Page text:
Our experience in working with businesses is that this requires a different approach to the one used in group relations conferences or in psychotherapy: for instance, since directly naming those feelings would likely drive more defence mechanisms around them, it would be more productive to enter the transitional space of play by setting up an offsite meeting exploring together possible futures.

Once the “sensing” (see Scharmer, 2013) of the Context and the System is achieved collectively, you can move to pointing together the limits of the current model, stressing what cannot continue into the future if we want to maintain the financial health of the company and, at the same time, contribute to a world that meets our needs, expectations, and requirements and those of the generations to come.

The time will then be ripe to engage the group in imagining desirable futures, accessing their playfulness, imagination, and creativity to solve the basic equation of the regenerative economy: what would it look like for our company to manage to boost its own prosperity, that of its employees, and at the same time contribute to the prosperity of our ecosystems? What would we stop doing, what would we start doing, and what would we do differently?

Fundamentally, rather than just pointing to what has been wrong in the past (which will only exacerbate guilt and shame, and its associated defence mechanisms), one has to bring those decision-makers to create stories of possible and desirable futures that will stimulate their desire to engage in the necessary transformation. This is the philosophical underpinning of the blockbuster documentary Demain in 201510: don’t engage people through guilt, shame, and fear about the state of the Earth, but rather with optimism, hope, imagination, and creativity.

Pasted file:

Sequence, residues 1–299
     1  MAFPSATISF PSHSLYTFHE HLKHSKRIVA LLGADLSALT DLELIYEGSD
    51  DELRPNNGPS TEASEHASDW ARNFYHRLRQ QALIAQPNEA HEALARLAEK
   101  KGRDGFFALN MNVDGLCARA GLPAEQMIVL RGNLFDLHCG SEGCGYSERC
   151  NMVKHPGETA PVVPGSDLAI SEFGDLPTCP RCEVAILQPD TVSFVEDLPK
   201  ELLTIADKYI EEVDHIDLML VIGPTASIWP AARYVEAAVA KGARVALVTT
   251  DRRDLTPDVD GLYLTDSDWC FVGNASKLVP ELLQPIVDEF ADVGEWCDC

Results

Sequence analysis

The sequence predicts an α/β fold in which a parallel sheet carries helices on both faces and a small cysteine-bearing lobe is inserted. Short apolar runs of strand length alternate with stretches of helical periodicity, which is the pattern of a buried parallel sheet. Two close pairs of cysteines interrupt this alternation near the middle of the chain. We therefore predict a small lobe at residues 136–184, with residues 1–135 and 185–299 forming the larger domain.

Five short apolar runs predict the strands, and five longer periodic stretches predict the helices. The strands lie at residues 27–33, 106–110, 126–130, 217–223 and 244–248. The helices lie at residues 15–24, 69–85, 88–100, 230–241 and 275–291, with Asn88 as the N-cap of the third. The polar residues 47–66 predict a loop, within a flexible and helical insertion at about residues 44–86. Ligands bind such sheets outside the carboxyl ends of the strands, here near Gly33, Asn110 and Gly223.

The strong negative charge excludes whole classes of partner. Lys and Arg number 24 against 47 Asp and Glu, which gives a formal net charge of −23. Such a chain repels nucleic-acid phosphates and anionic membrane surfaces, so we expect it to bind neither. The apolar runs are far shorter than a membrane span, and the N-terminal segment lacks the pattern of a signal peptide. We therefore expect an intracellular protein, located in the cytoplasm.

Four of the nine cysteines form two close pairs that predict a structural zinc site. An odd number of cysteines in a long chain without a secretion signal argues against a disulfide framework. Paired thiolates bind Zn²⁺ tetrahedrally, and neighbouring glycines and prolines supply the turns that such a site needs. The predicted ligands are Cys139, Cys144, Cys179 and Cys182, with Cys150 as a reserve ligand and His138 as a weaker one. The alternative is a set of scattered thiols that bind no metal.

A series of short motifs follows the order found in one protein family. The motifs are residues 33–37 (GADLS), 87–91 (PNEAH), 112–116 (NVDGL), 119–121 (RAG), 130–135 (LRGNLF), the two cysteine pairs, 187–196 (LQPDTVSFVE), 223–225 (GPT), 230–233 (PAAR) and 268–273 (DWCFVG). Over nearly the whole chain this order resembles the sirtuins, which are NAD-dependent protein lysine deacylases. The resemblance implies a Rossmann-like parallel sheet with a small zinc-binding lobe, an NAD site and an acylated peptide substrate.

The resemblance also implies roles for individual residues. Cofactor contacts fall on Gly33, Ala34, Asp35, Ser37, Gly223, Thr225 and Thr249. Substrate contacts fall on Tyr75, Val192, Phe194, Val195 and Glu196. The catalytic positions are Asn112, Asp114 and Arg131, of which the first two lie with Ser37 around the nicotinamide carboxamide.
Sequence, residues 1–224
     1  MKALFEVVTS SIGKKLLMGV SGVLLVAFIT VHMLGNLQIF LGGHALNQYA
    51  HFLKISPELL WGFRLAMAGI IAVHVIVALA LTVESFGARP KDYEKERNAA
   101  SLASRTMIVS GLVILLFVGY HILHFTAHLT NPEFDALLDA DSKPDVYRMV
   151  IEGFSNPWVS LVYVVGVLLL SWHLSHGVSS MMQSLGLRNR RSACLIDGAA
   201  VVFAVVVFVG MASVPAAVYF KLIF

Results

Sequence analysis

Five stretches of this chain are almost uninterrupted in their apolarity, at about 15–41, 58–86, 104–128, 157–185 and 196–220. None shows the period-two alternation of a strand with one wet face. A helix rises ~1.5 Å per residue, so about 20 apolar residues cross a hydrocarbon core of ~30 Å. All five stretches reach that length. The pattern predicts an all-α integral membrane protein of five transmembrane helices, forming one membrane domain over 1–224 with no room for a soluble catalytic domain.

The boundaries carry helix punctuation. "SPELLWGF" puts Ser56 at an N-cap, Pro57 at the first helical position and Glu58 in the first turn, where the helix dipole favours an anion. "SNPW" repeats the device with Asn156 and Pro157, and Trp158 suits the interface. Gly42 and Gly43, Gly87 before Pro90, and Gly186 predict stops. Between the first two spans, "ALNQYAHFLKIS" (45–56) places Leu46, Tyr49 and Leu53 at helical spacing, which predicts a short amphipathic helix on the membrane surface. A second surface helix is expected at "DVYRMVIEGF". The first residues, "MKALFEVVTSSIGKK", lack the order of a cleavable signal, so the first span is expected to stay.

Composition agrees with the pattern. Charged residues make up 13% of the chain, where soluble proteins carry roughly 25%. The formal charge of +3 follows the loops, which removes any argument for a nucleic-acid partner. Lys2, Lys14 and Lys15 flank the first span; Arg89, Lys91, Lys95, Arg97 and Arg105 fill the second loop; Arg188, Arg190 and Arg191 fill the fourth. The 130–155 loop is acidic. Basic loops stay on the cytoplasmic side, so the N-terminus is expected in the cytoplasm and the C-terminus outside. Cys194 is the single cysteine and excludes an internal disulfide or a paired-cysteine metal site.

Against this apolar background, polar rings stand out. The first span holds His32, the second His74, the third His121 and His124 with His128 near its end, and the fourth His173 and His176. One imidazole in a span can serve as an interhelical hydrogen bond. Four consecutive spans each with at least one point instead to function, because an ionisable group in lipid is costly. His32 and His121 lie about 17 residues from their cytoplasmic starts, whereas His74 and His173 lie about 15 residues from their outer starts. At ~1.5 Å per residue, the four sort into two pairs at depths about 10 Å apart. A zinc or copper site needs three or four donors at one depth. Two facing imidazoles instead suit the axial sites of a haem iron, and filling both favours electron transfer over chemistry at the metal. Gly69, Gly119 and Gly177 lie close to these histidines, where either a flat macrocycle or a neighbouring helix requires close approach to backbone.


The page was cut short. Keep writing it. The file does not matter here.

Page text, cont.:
Actions, therefore, will not be driven by a concern for reparation, that is, mending the broken for which we feel so guilty and ashamed. Rather, they will unfold in a spirit of regeneration, for instance, enabling life to push through and develop the conditions for more life11.

In some organisations, a different approach is possible, mainly because they have reached a new level of maturity, becoming what Frédéric Laloux (2014), in his groundbreaking book Reinventing Organizations, calls Teal organisations. According to Laloux, Teal organisations enact an emerging paradigm for the twenty-first century, and they thrive in terms of business, because of three pillars around which they function: self-management, wholeness, and evolutionary purpose.

In this particular conceptual framework, wholeness means the capacity (and the freedom) to bring the whole of yourself to work—something Michael could not do in his pharmaceuticals company. This in turn links with the concept of evolutionary purpose, that is, the impact an organisation is here to generate in its ecosystem. According to Laloux, companies thrive when people, who can be fully themselves at work, self-manage, to sense and respond to the opportunities and threats in their context according to the evolutionary purpose of the organisation that they are employed to enact. In doing so, Laloux notes, people naturally develop an awareness of the impact of their activities on the world around them, and a motivation to reduce negative impact and foster positive impact.

These new models of organisations, along with the whole movement of “liberating leadership” (Carney & Getz, 2009), are gaining a lot of traction in the business world. One way to engage your organisation in transformation could therefore be to start a process of transforming into a Teal/liberated organisation.



Owning our part can be daunting, as it requires facing the guilt and shame of having contributed to co-creating a world that is not so healthy to live in. For those of us who are used to holding a space for those feelings to be named, and worked through, a new approach may be required, if we want to help people past the fear of entering such a space.

In this new approach, imagination, and creativity, together with a commitment to working with the data from the field, can help first create a safe container called “desirable future”, that then serves to help us access our competent selves and navigate this transitional space. Only then, and at their own pace, will these feelings find a voice to be spoken, and our owning them will fuel the drive for regeneration.